Companies Are Investing Less in Capex, leading to more guarded spending. This means slowing growth in sales and profits, and a corresponding adjustment in the stock market. Companies are holding onto cash and reducing their capital expenditures in response to higher interest rates and uncertain economic conditions. This is seen in a reduction of 7% in the aggregate capex for companies on the S&P 1500 index to just over $1 trillion this year, down from about 21% in 2020. Moreover, consumer discretionary and industrial investment is projected to decline roughly 3% and 7% respectively in 2022.
Such caution affects those companies that supply the heavy equipment or technologies and systems used in capital expenditures. Analysts of the S&P 1500 industrials index forecast a decrease in sales growth from almost 30% in 2021 to just 3.7% in the next two years. On the positive side, less capex will enable companies to return more cash to shareholders; S&P 1500 free cash flow is expected to gain 9% this year due to decreased capex.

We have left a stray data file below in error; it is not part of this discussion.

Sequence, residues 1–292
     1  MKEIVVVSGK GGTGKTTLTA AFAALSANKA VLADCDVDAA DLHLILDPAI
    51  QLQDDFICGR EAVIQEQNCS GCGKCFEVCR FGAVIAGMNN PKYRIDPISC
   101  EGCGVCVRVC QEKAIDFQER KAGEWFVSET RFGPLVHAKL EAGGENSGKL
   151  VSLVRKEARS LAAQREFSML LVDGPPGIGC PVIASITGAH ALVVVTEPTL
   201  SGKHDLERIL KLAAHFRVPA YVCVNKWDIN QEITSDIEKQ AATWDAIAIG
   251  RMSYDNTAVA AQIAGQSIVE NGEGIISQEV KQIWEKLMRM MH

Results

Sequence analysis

The stock market has thus far been able to absorb the disruptions, with the S&P 1500 index still down only 14% from its late 2021 record high. Careful investors may expect muted demand and top-line performance but should not be deterred from taking advantage of potential opportunities from historically low stock prices and higher cash returns.
Scott Chronert, a strategist for Citigroup, underscored that the decreasing capex “reinforces stagnating earnings growth concerns.” Chronert’s words serve as a reminder of the economic reality and a reminder to keep an eye out for any changes in the market.
There is still cause to be optimistic; while capex spending may not reach the levels of 2021, the lowered capex expenditures could open up opportunities for stock investors and be a source of increased cash returns. Careful consideration and the ability to spot compelling stocks could benefit those investors who find those stocks worth investing.